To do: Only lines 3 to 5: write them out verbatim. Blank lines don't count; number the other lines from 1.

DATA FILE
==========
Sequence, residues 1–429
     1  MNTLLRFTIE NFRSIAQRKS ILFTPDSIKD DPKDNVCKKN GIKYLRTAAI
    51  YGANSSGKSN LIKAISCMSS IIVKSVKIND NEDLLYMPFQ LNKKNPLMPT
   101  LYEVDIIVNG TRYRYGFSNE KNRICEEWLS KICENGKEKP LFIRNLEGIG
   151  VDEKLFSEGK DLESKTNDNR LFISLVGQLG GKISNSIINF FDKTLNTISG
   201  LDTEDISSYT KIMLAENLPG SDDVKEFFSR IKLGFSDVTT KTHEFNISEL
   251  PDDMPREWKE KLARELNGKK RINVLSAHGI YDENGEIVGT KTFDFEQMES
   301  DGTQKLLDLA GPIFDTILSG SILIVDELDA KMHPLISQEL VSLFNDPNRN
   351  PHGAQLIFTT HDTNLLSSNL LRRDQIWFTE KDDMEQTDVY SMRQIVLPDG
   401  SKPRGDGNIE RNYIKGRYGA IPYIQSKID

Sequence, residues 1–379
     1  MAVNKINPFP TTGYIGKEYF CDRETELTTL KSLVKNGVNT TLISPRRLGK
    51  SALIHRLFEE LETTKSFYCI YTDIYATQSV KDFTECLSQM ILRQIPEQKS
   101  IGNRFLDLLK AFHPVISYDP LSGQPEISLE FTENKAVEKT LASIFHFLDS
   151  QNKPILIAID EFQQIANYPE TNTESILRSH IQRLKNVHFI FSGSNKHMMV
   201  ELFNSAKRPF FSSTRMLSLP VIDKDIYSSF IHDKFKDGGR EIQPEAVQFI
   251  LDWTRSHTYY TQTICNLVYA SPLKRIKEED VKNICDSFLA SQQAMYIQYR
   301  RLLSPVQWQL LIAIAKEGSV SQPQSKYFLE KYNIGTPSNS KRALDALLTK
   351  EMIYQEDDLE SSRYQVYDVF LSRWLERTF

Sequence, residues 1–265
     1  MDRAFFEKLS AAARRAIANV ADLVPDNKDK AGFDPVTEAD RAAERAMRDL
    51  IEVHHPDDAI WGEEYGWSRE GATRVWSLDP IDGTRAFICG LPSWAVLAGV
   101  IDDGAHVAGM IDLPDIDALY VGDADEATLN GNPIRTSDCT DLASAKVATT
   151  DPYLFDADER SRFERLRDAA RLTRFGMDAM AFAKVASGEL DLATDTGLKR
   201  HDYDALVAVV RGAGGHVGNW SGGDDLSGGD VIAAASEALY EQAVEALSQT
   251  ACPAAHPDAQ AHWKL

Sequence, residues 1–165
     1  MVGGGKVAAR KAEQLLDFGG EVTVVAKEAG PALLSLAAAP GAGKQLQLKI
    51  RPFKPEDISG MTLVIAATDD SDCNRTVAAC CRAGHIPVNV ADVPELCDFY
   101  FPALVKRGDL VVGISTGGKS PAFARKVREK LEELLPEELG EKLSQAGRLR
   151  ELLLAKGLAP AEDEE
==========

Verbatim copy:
    51  YGANSSGKSN LIKAISCMSS IIVKSVKIND NEDLLYMPFQ LNKKNPLMPT
   101  LYEVDIIVNG TRYRYGFSNE KNRICEEWLS KICENGKEKP LFIRNLEGIG
   151  VDEKLFSEGK DLESKTNDNR LFISLVGQLG GKISNSIINF FDKTLNTISG